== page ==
This is merely the latest example of increasingly close Russian-Iran military ties. Iran last year began providing Russia with Shahed drones that helped Moscow attack Ukrainian cities. Now Tehran is helping to build a drone factory in the Russian town of Yelabuga that will produce thousands of unmanned aerial vehicles for military use.
Russia has been burning through munitions, and between November 2022 and April 2023 Iran supplied Russia with more than 300,000 artillery shells and a million rounds of ammunition. Iran has the Middle East’s biggest missile arsenal, and one concern is that it will help Russia replenish its dwindling stock. United Nations restrictions on Iran’s ballistic missile program expired on Oct. 18, and Russia would surely use its Security Council veto to block its renewal.
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Iran and Russia see a mutual benefit in forcing Europe and the U.S. to defend Ukraine and Israel at the same time. Hamas is also an Iran proxy militia, and last week Hamas leader Khaled Mashal said “Russia has benefited from our [attack] because we distracted the U.S. from them and from Ukraine.”
So what is Tehran getting in return? White House spokesman John Kirby saidin December that Iranian pilots have trained in Russia to fly the Sukhoi Su-36 and could begin receiving the jet fighter “within the next year.” Tehran also wants Russian Su-35s, which the Congressional Research Service (CRS) says “could represent the most significant upgrade of Iran’s air capabilities in several decades.” Gen. Erik Kurilla, the leader of U.S. Central Command, said in March that “we think that will happen at some point this year."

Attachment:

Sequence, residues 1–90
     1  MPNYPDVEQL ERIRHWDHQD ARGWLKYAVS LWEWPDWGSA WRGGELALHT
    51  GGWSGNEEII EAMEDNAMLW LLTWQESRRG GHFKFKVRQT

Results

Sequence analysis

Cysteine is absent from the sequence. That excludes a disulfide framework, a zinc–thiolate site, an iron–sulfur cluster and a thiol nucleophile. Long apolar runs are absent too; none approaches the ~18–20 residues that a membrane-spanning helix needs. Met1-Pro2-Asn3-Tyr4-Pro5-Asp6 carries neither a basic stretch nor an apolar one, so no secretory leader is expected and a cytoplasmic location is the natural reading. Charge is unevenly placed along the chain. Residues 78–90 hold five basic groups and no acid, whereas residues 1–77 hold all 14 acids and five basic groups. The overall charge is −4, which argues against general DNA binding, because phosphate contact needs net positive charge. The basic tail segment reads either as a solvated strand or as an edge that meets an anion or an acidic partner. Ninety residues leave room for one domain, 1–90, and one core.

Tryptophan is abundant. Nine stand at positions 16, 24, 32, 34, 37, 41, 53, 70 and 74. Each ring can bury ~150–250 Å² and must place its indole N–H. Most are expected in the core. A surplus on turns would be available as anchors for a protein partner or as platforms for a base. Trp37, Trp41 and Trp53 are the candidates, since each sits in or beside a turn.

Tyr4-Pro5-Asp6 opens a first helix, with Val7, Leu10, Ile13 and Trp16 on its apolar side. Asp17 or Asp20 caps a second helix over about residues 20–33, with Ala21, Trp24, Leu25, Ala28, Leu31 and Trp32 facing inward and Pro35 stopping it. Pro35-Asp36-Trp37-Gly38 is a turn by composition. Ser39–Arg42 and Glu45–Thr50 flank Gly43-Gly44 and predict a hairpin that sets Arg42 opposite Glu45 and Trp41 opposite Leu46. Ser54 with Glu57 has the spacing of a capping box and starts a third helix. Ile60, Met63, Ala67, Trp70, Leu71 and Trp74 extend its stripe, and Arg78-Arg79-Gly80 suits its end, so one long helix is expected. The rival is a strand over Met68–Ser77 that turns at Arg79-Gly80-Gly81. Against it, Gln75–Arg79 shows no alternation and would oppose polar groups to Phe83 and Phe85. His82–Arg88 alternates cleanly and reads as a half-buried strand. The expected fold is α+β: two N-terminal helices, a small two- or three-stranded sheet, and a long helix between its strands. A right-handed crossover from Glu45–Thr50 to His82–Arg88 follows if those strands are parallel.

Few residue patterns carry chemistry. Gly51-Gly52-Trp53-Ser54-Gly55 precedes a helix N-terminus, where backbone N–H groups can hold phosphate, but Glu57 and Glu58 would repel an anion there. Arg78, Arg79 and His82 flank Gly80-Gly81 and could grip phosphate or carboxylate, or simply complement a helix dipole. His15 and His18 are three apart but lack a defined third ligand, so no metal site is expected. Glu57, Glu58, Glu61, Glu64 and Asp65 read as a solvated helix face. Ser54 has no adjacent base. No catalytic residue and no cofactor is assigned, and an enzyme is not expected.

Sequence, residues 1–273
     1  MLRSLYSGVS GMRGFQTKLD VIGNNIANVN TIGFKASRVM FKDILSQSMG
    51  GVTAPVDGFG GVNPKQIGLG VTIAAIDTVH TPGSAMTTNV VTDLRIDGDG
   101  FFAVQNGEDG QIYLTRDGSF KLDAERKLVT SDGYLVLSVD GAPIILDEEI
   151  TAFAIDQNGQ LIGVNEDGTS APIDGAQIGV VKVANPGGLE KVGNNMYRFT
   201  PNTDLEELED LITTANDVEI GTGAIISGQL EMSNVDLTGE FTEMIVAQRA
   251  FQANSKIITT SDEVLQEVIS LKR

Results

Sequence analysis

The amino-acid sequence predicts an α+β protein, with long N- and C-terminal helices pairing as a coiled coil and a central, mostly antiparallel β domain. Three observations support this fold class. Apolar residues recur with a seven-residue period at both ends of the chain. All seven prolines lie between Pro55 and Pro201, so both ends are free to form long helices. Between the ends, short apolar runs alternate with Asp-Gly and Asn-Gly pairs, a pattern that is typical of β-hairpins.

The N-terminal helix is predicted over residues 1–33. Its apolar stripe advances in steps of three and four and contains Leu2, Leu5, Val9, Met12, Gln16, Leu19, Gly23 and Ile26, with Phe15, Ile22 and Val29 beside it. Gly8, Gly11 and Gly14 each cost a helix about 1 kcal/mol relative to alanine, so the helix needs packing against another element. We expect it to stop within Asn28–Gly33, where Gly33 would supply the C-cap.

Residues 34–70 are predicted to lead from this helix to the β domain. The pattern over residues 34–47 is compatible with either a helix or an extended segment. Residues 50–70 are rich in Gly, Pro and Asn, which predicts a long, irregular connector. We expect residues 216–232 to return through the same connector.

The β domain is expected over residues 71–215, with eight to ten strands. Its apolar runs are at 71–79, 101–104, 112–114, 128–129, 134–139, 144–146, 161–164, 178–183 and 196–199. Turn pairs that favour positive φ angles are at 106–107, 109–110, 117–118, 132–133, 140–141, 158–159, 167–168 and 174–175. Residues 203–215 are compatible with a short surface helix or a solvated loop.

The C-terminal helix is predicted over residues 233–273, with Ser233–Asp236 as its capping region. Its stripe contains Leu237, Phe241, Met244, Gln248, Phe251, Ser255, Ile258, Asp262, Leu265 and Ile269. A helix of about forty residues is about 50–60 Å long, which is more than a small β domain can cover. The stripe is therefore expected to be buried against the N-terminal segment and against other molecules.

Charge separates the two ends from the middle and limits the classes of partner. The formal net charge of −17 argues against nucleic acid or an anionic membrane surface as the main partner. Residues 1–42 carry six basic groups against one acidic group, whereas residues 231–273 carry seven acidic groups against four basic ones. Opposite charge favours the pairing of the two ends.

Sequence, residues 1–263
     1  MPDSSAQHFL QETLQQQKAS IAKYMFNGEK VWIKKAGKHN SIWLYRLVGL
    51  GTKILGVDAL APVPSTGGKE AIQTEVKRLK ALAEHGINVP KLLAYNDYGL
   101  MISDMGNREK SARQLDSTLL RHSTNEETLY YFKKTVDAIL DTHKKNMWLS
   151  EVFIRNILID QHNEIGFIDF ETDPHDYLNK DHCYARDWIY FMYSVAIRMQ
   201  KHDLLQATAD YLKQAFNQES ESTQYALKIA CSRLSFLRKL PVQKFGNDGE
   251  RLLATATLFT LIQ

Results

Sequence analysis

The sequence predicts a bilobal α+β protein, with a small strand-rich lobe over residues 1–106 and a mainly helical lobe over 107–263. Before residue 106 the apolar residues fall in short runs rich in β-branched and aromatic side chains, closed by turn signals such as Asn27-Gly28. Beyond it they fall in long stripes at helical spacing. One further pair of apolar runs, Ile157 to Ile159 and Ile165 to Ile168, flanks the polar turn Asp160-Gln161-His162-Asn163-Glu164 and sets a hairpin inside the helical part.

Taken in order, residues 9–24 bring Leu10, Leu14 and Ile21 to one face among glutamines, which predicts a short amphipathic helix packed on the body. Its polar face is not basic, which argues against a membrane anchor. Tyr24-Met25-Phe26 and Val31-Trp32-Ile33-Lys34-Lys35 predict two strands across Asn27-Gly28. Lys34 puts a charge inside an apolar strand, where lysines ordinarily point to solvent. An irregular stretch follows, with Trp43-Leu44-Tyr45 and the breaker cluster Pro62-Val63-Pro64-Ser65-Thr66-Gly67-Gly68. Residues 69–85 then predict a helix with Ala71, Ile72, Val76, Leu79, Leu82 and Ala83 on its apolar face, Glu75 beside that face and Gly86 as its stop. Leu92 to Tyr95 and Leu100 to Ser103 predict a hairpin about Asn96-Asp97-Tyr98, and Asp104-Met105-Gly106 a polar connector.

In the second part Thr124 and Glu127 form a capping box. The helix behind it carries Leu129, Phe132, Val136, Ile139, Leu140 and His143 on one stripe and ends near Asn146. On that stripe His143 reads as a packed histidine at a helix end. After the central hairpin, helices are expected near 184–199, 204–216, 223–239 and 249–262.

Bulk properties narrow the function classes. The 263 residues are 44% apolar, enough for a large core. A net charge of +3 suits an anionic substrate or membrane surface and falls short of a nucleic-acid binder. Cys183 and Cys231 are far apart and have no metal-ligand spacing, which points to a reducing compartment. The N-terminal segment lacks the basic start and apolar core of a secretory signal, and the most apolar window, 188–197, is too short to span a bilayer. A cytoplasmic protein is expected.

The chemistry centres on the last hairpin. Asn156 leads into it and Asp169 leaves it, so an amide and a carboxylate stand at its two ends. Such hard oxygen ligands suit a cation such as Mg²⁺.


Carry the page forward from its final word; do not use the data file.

Israeli officials told Bloomberg this spring that Tehran also wants Russian S-400 air-defense systems that would make it far more difficult to conduct a strike on Iran’s nuclear program. CRS points to reports that, in return for drones, Russia has provided Tehran with “digital surveillance capabilities.” This helps Iran censor and suppress internal dissent.
Russia and Iran have also been collaborating for several years to preserve the Assad regime in Syria, which includes putting pressure on the 900 or so U.S. troops in that country. Russia has provided intelligence assistance to Iran, increased harassment of U.S. troops, planes and drones in Syria, and provided at least 17 trucks of weapons to Iranian-backed militias there this year, says the Institute for the Study of War in Washington.
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An American withdrawal from Syria would squeeze the non-Islamist opposition to Assad. And it would further open a land corridor through Syria and accelerate Iranian arms shipments to Iran’s Hezbollah militia in Lebanon. The larger joint Russia-Iran goal is to push the U.S. out of the Middle East.
The cooperation is also diplomatic. Russia is helping to rehabilitate Iran in world affairs, and this year Iran joined the so-called BRICS coalition of large developing countries and the Shanghai Cooperation Organization.
A school of conservative isolationist thought is that the U.S. should let powers like Russia and Iran dominate their regions. Withdraw to our shores and those countries will leave us alone. But as we’ve learned in Ukraine and now Israel, those powers aren’t content with the status quo. They want to expand their empires and subjugate (or in the case of Israel exterminate) their neighbors.
America’s enemies are working together, and it is strategic folly to think the U.S. can treat them like isolated problems. Letting Russia subjugate Ukraine will give Vladimir Putin an opening to further help Iran against Israel.